Wednesday, May 13, 2015

for my brother

hello there

well, the day today is, assuming you read it on the day, a pretty big one for my dear brother. it's not that this post exists purely for his amusement, though - thank you for taking the time to read it, and i hope you enjoy the indulgence of a quick look at some things which he has, over the years, considered to be quite class and, at the time and indeed now, declared to be the best thing ever, look you see.

where to begin? well, how about with a bit of television. here you go, here's a quick image from the opening credits of one of his top TV shows.



just what, you may ask, the hell is that? well, it's someone on top of a train, grabbing on to one of them bar things that they only seem to have in America by trains, presumably solely so that people who find themselves on the roof of a train may have something to grab on to.

who is it grabbing away? well, it's a stuntman who is pretending to be Lee Majors, who in turn is pretending to be a stuntman. not pretending, portraying. yeah, it's The Fall Guy.

video

i confess i did quite like The Fall Guy, but i would not say it is the greatest ever thing to be shown on tv. my brother would take a slightly different view of it to that, hence me today being perfectly happy to put the above clip on here for your entertainment.

for many years as we grew up Richard would write into the celebrated TV show Jim'll Fix It, asking of Jim could fix it for him to jump out of a plane on a bike like what Lee Majors did in The Fall Guy and then like that dude did in the first Cannonball Run film. for many years he lamented that his wish was never fixed; now i suspect it's the case that he's somewhat delighted that the host of that show did not take, as it were, a shine to his request. who knows, if he had put at the end of the letter "i will do anything and i won't tell, honest, even when you are dead", he may have had his wish granted.

one of my fondest memories of growing up was the three of us sat around the most celebrated video game machine in history. yes, the Atari. people born after the 80s can surely have no idea how revolutionary this device was.



oh yes, that is indeed Pac Man. Richard was absolutely boss at it. Gillian and i usually sat around watching Richard play it. he had the skill, ability and patience to polish off maze after maze on this game, hour after hour. quite a talent, really. i was awful at it.

as. mostly, you can see in this video i made of me having a go earlier.


video

there's no doubting that games now are somewhat different. i do, however, rather miss the simple and basic pleasures of this sort of game - ones at the time which seemed like the greatest things ever.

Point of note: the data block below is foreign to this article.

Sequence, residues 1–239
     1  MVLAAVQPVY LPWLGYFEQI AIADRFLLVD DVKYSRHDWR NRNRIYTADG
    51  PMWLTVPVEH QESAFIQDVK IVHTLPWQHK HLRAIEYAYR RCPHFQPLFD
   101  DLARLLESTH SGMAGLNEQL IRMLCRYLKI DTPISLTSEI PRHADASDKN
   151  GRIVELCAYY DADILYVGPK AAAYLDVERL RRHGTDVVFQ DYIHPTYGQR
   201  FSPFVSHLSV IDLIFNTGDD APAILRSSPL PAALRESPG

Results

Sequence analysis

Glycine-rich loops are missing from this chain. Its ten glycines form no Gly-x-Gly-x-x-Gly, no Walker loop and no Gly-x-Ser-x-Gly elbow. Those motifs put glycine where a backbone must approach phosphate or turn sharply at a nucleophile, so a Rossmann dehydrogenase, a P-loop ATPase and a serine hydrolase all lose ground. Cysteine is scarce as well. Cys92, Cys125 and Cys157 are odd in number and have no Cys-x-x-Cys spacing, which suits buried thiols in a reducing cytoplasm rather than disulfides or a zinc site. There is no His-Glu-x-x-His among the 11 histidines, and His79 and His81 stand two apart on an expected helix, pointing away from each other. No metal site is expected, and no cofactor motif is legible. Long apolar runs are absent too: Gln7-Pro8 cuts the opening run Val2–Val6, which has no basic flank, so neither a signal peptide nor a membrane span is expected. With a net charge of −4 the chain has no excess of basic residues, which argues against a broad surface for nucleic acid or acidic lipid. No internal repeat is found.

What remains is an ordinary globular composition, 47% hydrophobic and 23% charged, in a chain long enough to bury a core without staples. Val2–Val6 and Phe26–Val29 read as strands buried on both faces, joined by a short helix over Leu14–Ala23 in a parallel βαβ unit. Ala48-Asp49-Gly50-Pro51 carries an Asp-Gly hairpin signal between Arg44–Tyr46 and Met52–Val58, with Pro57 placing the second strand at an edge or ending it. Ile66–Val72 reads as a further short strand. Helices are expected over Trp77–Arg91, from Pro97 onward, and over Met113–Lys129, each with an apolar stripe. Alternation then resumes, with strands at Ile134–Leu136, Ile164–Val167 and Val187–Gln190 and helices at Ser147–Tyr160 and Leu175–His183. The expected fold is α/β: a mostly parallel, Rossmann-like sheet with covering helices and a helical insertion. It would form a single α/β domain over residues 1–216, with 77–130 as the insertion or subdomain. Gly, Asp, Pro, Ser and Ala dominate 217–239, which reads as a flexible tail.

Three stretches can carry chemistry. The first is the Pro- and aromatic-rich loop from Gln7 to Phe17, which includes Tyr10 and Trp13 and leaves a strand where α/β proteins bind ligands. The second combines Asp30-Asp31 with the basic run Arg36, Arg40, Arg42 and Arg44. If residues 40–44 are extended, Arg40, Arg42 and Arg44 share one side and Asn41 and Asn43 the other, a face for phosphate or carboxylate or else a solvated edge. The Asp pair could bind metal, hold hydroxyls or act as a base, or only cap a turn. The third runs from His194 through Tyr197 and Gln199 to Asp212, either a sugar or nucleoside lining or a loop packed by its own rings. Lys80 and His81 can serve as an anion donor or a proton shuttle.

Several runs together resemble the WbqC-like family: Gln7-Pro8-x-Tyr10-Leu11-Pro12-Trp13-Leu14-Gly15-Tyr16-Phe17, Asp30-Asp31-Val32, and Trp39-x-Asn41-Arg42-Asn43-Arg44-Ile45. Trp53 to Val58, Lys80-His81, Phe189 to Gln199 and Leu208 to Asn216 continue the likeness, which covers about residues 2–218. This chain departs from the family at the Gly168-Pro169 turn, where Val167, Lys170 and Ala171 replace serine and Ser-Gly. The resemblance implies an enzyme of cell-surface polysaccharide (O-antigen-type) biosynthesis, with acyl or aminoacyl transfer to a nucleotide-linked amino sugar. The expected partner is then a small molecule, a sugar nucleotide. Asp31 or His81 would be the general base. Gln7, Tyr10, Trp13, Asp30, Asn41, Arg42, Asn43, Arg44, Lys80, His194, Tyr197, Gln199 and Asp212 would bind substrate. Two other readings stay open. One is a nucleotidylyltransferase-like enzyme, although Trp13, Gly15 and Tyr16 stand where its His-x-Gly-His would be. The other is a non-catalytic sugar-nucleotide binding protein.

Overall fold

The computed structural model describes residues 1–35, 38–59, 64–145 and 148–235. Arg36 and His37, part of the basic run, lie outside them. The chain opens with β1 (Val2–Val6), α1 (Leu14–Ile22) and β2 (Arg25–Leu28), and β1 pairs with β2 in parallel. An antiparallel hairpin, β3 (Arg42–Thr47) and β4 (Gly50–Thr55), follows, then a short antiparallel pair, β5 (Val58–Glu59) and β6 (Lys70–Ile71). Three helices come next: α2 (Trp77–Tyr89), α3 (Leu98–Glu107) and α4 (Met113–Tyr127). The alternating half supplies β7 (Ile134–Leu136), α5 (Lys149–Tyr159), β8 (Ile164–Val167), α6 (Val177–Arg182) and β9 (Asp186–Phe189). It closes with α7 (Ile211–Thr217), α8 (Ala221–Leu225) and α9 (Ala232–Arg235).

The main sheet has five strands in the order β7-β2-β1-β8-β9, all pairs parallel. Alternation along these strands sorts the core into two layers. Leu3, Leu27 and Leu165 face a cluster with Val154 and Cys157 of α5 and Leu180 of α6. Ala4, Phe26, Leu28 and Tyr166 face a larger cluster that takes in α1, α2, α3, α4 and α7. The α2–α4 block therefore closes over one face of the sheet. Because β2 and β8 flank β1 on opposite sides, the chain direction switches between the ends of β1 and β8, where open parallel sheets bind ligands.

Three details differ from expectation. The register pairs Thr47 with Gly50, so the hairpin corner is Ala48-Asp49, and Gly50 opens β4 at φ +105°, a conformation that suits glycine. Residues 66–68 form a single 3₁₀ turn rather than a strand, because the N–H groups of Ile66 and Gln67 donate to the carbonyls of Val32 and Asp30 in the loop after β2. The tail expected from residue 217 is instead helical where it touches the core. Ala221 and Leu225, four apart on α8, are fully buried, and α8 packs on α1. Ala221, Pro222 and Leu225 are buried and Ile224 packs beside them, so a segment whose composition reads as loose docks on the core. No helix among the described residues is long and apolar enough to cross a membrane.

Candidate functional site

so, if The Fall Guy was a much celebrated TV show by Richard, what then would be the film that he considers the greatest ever work of art what cinema has produced? this one has a fairly simple answer.



oh yes, it is indeed Convoy. we had a video of it that was recorded off of the tele in Australia. we watched it again and again, we did, both in Australia and back in England. of us all, Richard took quite the shine to it, and was often prone to recreating the convoy experience by going off on his BMX with his mates and riding in a convoy. whether other people on the road appreciated it or not.

a snippet from the opening credits? surely.


video

i think i am right in saying that Convoy is the only time in modern history that an entire film has been based on a 3 minute pop song. i mean, sure, there is Tommy, but that's a film based on a rock opera of an album.

it is a rather smart film, when all is said and done. worth watching if for some reason you've not seen it, and worth watching again if you have.

another Atari classic? oh, go on then. i think i would be right in saying that this one is one that Richard and i had an equal level of respect and love for. absolutely brilliant, it both was and shall always be.



River Raid was probably the most advanced game we had on the Atari. it also required some skill, as there were a few very narrow stretches of water you had to navigate to blow up boats and helicopters. if you were skilled enough - which we were - you could fly over the fuel to fill your tank, right, and then still shoot it so you got the 100 points for blowing it up.

oh go on then, a little video clip showing off the spectacular sound and gorgeous graphics.


video

we could never understand, right, why if you were in a plane - known as they are for being in the sky - you could only fly over the river. if you tried to fly over the land on the side - if you like the grass embankments - you crashed and blew up. i am sure this made sense to someone at Atari in Japan, or wherever.

well, this has all brought back some very fond memories for me, and hopefully for Richard too. if it has done the same for you too, dear reader, well then so much the better.




be excellent to each other!!!!!!!!!!!!!!!!!!!!!!!!!!!!!!!!!!!!!!!!
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